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Electrochemical Energy Storage
Our work focuses on the development of novel solid electrolytes and cathode materials for high power and high energy density electrochemical energy storage devices. Based on the synthetic controllability in both organic chemistry and coordination chemistry, we can bottom-up assemble network structures with optimal hopping pathways for ion conduction. We will apply synthetic chemistry to explore cathode materials that can integrate high energy density, durability and low cost for non-lithium ion batteries. We use analytical techniques such as rotating disk electrochemistry (RDE) to extrapolate kinetic information about our cathode materials, or how the diffusion coefficient changes with our novel electrolytes.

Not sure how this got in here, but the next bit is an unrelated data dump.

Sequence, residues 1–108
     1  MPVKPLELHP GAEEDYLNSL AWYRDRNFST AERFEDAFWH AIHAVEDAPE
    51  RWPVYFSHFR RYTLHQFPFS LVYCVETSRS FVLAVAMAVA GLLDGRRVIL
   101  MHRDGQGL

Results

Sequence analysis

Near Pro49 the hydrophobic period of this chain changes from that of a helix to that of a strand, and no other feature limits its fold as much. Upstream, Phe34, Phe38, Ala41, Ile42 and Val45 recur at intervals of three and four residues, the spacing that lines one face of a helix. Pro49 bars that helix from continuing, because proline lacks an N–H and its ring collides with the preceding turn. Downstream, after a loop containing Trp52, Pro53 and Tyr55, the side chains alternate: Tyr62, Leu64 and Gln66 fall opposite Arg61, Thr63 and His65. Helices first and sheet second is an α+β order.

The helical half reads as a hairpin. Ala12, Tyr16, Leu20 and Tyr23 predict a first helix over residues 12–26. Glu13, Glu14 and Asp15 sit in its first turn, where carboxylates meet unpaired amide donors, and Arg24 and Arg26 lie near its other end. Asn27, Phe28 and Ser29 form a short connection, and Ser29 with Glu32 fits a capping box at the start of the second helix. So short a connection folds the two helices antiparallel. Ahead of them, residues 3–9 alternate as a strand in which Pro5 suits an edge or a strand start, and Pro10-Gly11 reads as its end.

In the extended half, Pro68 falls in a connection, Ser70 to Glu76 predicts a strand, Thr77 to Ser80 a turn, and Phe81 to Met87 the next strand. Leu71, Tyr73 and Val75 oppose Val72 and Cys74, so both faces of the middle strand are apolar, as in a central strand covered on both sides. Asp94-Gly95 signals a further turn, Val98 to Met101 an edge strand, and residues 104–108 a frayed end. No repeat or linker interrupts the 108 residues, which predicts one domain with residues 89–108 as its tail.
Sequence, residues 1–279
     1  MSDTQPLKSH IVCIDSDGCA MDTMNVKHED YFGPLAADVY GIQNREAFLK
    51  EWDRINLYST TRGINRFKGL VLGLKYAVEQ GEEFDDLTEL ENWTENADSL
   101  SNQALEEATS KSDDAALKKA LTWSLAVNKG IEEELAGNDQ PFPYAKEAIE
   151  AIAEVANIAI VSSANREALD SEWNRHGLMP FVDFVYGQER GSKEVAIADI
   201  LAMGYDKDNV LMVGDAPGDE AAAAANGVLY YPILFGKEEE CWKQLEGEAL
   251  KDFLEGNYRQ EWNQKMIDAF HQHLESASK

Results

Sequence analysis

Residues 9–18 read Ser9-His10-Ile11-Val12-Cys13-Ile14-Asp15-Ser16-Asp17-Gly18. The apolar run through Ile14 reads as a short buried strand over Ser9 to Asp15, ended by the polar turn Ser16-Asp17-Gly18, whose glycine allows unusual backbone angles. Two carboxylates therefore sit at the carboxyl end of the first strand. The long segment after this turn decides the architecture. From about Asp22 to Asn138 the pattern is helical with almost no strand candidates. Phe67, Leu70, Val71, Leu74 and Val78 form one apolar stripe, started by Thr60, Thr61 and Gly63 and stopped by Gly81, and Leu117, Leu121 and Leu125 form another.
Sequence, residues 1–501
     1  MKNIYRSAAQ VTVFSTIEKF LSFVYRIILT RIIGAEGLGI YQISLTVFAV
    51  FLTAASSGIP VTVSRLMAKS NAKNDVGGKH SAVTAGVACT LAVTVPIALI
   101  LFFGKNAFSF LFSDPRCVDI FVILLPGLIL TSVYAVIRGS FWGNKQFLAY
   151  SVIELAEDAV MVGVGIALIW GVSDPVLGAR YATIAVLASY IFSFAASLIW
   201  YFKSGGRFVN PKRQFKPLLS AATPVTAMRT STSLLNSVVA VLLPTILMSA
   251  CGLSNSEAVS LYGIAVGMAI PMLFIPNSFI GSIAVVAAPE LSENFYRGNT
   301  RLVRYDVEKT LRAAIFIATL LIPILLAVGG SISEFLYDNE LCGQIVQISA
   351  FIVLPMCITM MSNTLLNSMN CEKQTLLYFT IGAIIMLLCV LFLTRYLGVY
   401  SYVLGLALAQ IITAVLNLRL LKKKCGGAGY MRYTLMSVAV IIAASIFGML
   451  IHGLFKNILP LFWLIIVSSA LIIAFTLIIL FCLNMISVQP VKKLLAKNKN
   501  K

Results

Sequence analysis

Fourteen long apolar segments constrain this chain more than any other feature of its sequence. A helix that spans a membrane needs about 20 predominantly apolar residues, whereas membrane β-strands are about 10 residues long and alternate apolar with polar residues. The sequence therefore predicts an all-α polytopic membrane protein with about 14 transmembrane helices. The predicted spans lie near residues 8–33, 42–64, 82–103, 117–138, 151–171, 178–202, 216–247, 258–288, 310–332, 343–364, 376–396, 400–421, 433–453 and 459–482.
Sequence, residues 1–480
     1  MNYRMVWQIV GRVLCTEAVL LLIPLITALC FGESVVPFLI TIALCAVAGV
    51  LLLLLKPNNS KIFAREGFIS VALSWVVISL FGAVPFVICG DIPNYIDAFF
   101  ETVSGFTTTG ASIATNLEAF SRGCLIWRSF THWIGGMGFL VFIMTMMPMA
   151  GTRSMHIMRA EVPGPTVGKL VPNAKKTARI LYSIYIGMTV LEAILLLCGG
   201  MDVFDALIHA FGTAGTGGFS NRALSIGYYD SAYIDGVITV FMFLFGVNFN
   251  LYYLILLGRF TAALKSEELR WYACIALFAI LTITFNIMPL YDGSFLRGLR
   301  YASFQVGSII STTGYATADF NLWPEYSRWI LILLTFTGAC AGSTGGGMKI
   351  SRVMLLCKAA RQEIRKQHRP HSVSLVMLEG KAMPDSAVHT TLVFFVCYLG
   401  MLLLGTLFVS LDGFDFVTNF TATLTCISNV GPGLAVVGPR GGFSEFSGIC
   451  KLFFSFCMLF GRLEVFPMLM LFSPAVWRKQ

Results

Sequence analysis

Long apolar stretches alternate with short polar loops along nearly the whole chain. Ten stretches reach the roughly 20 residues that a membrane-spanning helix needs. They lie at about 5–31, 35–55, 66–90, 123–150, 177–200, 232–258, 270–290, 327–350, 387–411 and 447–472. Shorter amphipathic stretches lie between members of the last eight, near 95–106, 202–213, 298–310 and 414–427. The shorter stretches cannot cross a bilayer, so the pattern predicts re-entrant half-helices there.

The elemental diversity of metal species and synthetic tunability of organic compounds have endowed these two classes materials with distinctive physical and chemical properties. Hybridizing metal and organic units at the molecular level offers tremendous opportunities in the development of novel materials, extending the solid state chemistry/physics into a new regime. Particularly, we focus on studying the electronic properties of metal-organic solids and exploring their potential applications where they can outperform conventional inorganic and organic materials.
Inorganic Material-Polymer Composites
The unique mechanical properties of polymers (e.g., flexibility and elasticity) make them unparalleled for many applications. However, the lack of elementary variation in pure polymers intrinsically limits the diversity in their physical/chemical property. To integrate multi-functionality and desirable mechanical property in the same matrix, our research aims to composite polymers with functional inorganic materials at the nanoscale and explore their potential applications in separation, actuator, and all-solid-state batteries.
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